• Spinning disk confocal on the right side with bypass to image wide field
  • 2 very sensitive cameras on the right side: one with the very large field of view and 11um pixels for best sensitivity and one with the normal field of view and 6.45 pixels for best resolution
  • Our great Primo is still on the back of the microscope to allow micropatterning of proteins at the bottom of a dish or micromanufacturing of wells in the shape/pattern of your choice
  • 2 wonderful silicon immersion objectives specialized for tissue imaging with automatic correction ring: 20x/1.05 and 40x/1.25

After the demo, the LCI users who have already been trained on our widefield systems can get access to Tweety for free after a mandatory short training.

Please add the demo in your calendar and make sure to test the link ahead of the meeting.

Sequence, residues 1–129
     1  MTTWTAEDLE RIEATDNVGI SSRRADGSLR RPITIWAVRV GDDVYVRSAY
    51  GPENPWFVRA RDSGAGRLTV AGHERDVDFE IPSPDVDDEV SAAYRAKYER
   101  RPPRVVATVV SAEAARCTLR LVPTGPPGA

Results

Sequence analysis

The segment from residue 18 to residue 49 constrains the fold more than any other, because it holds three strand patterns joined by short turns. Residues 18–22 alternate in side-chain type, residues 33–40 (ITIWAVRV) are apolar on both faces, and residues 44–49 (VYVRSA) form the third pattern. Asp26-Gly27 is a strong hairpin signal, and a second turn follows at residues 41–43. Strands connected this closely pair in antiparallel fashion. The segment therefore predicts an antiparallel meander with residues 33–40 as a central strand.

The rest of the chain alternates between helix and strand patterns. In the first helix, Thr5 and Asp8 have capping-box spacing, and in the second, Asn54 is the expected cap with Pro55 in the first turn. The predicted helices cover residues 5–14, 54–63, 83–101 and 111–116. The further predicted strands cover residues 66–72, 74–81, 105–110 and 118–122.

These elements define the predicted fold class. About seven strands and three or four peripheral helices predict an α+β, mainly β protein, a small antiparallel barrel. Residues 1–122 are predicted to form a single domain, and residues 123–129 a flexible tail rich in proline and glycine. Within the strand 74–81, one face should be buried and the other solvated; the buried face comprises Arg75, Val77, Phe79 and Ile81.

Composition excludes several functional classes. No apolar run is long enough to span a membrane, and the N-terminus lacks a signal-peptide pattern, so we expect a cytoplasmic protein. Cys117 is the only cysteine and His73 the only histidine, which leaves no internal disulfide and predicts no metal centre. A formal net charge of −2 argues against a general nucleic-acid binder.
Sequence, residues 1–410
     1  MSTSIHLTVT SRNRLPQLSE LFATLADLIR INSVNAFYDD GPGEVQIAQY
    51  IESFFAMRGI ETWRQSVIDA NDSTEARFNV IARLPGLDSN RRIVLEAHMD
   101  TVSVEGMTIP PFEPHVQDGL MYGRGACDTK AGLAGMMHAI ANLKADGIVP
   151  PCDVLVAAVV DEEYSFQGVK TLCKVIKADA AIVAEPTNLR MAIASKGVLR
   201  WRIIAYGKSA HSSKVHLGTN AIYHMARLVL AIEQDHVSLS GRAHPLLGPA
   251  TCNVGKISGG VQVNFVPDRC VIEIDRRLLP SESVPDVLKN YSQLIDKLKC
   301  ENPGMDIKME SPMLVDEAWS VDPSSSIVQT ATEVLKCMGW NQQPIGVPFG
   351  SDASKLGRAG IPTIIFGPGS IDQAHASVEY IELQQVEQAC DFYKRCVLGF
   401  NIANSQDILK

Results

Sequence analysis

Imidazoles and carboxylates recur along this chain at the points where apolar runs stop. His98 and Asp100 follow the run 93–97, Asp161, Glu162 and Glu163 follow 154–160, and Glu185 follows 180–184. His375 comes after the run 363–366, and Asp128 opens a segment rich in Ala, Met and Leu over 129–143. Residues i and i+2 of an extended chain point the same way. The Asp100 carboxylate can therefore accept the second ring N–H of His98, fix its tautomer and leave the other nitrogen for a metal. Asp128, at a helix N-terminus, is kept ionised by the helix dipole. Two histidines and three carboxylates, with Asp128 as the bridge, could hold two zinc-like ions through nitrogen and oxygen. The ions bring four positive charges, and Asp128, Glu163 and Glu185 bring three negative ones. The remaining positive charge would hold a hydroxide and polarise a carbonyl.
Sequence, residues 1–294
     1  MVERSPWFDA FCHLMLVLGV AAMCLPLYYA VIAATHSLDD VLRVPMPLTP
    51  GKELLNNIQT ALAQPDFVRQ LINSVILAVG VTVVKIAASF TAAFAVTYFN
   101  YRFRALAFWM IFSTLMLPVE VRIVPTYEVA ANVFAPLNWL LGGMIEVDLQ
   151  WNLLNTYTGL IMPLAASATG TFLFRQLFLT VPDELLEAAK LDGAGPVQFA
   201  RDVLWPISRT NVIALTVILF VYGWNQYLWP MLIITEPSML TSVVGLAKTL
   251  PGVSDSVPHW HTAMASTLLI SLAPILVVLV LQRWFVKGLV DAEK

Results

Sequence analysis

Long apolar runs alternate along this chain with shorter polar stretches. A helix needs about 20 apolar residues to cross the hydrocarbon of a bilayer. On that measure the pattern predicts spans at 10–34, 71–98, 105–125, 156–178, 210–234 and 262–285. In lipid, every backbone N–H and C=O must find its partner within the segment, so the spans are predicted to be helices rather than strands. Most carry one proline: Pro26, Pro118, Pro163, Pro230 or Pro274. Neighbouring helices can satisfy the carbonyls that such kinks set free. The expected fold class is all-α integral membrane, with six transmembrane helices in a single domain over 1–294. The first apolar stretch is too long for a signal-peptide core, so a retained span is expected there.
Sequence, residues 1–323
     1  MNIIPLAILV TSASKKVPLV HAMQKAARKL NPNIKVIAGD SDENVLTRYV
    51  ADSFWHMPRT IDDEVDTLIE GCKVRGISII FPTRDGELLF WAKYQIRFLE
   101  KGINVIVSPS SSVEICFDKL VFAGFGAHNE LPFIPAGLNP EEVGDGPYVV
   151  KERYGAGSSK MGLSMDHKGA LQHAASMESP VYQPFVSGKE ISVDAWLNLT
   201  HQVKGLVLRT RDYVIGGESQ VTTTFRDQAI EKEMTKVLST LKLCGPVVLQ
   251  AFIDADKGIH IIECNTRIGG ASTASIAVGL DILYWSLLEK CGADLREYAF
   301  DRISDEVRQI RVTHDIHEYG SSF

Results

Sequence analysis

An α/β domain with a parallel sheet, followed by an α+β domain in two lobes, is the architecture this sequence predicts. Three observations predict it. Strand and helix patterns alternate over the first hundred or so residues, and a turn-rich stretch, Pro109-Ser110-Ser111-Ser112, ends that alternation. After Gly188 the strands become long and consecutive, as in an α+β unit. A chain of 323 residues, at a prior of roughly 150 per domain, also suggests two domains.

Link to the Zoom Meeting on the 24th at 10am: https://ki-se.zoom.us/j/7302561100

Broadcasted lectures from the LCI microscopy course and private demos of light sheet and cameras

Our course starts tomorrow! 😀

Target audience:

The aim for this course is to improve the microscopy skills of students and researchers who have already used a microscope to acquire digital images of fluorescent samples and want to improve their skills.

Registrations are closed but all lectures are open to everyone without registration.

  • The schedule and details of the venue are here.
  • All lectures are also available online live. The link and instructions to watch are here.
  • Make sure you check the schedule in case of last minutes changes.

If you are in Sweden, you are welcome to try some of the equipment on demo with your own sample.

To book at timeslot, please contact the responsible person directly.